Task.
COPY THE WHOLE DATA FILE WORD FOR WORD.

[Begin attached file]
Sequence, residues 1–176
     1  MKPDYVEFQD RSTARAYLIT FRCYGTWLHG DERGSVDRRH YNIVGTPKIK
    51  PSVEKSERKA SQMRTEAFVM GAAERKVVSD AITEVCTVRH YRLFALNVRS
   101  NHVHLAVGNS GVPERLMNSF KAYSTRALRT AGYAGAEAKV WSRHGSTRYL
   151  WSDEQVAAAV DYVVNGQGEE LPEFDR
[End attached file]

Sequence, residues 1–176
     1  MKPDYVEFQD RSTARAYLIT FRCYGTWLHG DERGSVDRRH YNIVGTPKIK
    51  PSVEKSERKA SQMRTEAFVM GAAERKVVSD AITEVCTVRH YRLFALNVRS
   101  NHVHLAVGNS GVPERLMNSF KAYSTRALRT AGYAGAEAKV WSRHGSTRYL
   151  WSDEQVAAAV DYVVNGQGEE LPEFDR